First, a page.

Will California Latinos Follow Texas in Shift to GOP?

June 16, 2022 Updated: June 16, 2022

Commentary

Remember this quote by President Reagan? “Latinos are Republicans; they just don’t know it yet.”

Looks more and more like they’re starting to “know it”—and voting that way. This should scare Democrats into taking notice. A constituency supposedly permanently Democratic is starting to break away. That’s because there are no permanent constituencies in American politics. There are only interests, which change.

Republican Mayra Flores just flipped a congressional seat in Texas held by Democrats since after the Civil War. Reported NBC, “Flores fills a South Texas seat previously held by Democratic Rep. Filemon Vela, who resigned in March. She will have to run for re-election in November.” She beat Democrat Dan Sanchez, 51 percent to 43 percent.

According to Ballotpedia, the 34th Congressional District is 84.5 percent Hispanic, with a median household income of $42,014. The 34th is the southeast tip of Texas. One of its constituents is Elon Musk, who tweeted, “I voted for Mayra Flores—first time I ever voted Republican. Massive red wave in 2022.” He’s also an immigrant, in his case from South Africa.

If this shift continues, it will mean Latinos will have followed the political trajectory of other immigrant groups, such as the Irish, Italians, Poles and many others. When they arrive here, the immigrants gather in neighborhoods with co-ethnics. The local Democratic Party machine helps them get jobs, often through labor unions, and maneuver the government system. They begin with low-level jobs, as well as starting new businesses, especially ethnic eateries.

Eventually, the group’s people move upward into the middle class. They start realizing they’re paying really high taxes and their businesses face way too much regulation—just the things they escaped from in their countries of origin. Some have even come from communist countries. The Republican Party’s pro-business, anti-regulation ethos speaks more to their needs.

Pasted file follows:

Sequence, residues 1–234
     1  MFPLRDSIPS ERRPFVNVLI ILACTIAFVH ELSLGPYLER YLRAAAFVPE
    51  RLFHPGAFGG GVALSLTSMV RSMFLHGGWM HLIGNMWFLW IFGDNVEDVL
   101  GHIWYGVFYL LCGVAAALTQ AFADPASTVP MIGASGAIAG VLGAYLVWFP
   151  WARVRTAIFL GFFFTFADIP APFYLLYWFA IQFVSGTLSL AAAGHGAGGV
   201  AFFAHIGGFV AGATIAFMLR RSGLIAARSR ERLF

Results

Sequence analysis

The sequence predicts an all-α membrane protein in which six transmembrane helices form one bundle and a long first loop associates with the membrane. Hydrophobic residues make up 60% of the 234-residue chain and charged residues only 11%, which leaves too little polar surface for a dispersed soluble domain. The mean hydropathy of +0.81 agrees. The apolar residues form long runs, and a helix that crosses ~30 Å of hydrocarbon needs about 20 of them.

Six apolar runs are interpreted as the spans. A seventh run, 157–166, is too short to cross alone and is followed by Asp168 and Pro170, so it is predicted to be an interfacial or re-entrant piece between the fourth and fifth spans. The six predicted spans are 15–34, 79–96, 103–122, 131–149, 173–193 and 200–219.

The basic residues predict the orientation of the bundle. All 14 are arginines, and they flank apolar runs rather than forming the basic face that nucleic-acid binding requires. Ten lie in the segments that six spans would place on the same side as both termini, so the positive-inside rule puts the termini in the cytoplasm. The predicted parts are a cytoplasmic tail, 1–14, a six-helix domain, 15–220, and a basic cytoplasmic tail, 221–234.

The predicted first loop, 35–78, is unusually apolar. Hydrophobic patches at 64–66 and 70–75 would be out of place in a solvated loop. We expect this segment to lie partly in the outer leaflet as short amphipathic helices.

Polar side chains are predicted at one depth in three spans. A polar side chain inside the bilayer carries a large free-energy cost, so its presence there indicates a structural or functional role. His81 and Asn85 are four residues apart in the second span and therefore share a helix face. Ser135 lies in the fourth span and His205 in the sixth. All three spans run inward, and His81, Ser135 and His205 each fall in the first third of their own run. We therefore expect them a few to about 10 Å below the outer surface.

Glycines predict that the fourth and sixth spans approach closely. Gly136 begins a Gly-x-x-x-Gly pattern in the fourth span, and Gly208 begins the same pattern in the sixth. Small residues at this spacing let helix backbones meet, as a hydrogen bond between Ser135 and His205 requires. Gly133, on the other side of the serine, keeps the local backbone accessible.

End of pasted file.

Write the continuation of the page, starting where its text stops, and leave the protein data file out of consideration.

We’re also seeing this shift among Asian-Americans. On June 10, I attended the Republican Party of Orange County’s 22nd Annual Flag Day Salute at the Westin Anaheim Resort. The featured speaker was Gov. Kristi Noem of South Dakota.

Before she spoke was a featured speaker panel including California Republican Party Chairwoman Jessica Patterson, a Latina; and Reps. Young Kim and Michelle Steel. The later two spoke of their experiences as South Korean immigrants who started businesses and wanted to ensure a healthy business climate for immigrants and all other Americans.

The Republican effort to recruit Latinos is not new, but only recently seems to have reached a takeoff stage. Reported the Washington Post in 1983, when it still at least tried to report the news objectively, “Opinion polls show that since 1980, when Reagan won about 27 percent of the Hispanic vote, he has increased his popularity in that community to the point that 42 percent of “Hispanics now approve of his handling of the presidency and 38 percent say they want Reagan to seek reelection.

“The gains in Hispanic support are mercurial, however. Reagan’s aides concede that it plummeted in the budget-cutting years of 1981 and 1982 and could fall again in an election year.